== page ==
The U.K. Landmarks 17 Postmodern Buildings
The government body Historic England moved to protect some of Britain’s best Postmodern buildings.
When James Stirling’s No. 1 Poultry building in London was listed (the U.K. equivalent of landmarked) in late 2016, it caused a stir: Not only was then-nineteen-year-old building the youngest piece of architecture to be listed, it was also the first Postmodern building to be protected. Now many others are following in its footsteps.
Last Thursday, Historic England, the body in charge of safeguarding England’s historic sites, announced that 17 Postmodern buildings had been granted listed status. This comes after Historic England conducted extensive research into the architectural movement and sought advice from other bodies in the U.K. government.
While these 17 projects are now protected, the list comes too late for many others. Victims of the wrecking ball of taste—which appears to swing between Modernism and Postmodernism in Britain—include architect Terry Farrell’s Clifton Nurseries and TV-am studios in London; architect and developer Ian Pollard’s Homebase shop and Marco Polo house (the “QVC building”) in London; and architecture firm Stirling Wilford and Partners’ Southgate Estate in Cheshire, England. At the time, these demolitions were celebrated by some who saw Postmodernism as “indefensible” and “embarrassing” 1980s architecture.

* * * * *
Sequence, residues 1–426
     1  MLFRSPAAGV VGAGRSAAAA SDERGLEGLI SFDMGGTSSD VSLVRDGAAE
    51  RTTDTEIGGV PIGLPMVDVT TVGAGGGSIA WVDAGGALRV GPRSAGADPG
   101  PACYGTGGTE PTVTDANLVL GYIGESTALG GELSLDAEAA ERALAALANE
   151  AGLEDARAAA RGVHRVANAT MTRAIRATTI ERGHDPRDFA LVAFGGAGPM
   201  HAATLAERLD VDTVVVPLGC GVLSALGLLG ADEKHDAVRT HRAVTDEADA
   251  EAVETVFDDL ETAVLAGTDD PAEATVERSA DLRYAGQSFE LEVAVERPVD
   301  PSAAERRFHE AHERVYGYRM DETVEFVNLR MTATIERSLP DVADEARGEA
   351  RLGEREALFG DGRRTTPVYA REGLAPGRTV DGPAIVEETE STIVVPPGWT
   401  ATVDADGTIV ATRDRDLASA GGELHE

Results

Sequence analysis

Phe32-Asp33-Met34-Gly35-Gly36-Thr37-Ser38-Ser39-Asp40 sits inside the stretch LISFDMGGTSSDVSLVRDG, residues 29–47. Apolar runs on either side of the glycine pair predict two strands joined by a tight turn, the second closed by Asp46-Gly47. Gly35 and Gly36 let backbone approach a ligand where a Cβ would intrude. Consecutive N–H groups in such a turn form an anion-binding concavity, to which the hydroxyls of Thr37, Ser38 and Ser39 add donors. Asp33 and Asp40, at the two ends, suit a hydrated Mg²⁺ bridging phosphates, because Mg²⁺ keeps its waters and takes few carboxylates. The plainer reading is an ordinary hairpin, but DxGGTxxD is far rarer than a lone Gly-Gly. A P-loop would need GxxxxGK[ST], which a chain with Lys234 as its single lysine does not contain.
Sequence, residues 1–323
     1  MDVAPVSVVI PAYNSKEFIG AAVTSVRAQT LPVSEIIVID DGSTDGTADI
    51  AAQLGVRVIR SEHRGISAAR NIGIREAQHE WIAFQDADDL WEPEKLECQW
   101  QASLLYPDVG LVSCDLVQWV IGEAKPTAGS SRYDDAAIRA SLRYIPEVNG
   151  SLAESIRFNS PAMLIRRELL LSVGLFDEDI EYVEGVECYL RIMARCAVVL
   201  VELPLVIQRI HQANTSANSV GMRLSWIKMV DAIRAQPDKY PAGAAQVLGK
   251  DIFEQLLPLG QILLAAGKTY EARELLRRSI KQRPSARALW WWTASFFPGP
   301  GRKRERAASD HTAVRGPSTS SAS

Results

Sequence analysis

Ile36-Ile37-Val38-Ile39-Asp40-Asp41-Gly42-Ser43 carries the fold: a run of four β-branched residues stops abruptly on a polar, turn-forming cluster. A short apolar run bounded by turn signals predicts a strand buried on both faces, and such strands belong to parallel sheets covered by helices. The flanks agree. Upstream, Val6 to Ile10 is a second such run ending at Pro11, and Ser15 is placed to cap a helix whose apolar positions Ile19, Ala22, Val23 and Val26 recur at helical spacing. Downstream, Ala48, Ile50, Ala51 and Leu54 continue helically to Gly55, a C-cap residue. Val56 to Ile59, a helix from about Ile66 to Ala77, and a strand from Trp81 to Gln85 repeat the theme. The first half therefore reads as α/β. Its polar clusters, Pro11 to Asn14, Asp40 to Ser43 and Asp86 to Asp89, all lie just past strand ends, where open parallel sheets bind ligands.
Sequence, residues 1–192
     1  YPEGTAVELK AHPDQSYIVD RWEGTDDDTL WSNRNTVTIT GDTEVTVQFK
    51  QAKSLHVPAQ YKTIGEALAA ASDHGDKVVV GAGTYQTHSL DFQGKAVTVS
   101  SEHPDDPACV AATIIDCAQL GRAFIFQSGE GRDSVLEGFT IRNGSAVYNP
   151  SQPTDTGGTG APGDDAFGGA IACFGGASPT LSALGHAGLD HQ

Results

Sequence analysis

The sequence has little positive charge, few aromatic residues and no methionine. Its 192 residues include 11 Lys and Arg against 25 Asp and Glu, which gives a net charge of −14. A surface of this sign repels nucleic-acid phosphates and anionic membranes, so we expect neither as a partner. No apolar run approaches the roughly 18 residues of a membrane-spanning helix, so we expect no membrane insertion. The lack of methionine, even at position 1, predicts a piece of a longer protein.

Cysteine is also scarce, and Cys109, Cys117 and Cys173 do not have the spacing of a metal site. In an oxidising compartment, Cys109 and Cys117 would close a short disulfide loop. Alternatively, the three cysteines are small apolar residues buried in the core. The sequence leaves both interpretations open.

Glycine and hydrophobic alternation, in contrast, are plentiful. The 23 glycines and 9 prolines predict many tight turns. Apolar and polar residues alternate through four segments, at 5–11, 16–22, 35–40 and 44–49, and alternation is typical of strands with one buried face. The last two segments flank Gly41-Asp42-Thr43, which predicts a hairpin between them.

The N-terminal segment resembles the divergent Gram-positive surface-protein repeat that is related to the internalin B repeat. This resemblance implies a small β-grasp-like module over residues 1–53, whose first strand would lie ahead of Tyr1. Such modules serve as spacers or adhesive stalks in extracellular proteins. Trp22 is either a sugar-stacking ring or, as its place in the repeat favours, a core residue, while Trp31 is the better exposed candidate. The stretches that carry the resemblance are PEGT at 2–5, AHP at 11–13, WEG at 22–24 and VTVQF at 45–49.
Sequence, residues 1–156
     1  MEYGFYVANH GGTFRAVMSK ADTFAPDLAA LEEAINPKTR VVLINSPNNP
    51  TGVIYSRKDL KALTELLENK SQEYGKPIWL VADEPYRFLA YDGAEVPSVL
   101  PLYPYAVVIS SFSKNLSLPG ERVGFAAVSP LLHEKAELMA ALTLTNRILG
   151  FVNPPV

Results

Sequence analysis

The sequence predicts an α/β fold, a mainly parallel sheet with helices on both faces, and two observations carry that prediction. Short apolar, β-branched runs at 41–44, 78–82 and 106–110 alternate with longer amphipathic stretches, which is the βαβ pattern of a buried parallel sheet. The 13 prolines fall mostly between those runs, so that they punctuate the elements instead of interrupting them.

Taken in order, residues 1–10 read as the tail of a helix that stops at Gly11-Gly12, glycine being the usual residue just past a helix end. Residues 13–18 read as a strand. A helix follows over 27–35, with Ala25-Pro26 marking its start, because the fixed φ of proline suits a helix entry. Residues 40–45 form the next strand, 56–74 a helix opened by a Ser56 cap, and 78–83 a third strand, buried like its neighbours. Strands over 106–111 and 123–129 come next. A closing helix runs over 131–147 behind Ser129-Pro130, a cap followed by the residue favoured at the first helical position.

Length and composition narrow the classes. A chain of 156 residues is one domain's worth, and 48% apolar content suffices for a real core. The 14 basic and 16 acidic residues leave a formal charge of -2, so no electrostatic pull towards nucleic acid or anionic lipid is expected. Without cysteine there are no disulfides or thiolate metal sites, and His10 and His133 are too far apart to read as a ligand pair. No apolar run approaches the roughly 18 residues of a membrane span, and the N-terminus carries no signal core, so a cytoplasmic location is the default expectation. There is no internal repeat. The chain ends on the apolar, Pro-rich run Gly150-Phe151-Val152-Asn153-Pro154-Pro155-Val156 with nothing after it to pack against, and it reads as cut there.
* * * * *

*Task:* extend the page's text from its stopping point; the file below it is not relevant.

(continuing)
Times have changed and, despite those loses, Britain still has a wealth of Postmodern architecture. Indeed, it is arguably richer than any other country’s, as the U.K.’s Postmodern buildings are famed for their flamboyant aesthetics. (This list attests to that.) Duncan Wilson, chief executive of Historic England, said in a statement that “Postmodern architecture brought fun and color to our streets. Housing schemes were enlivened with bold facades, a school technology building was decorated with columns designed as screws, a business park injected with glamour.” The newly-listed listed buildings can be found below.
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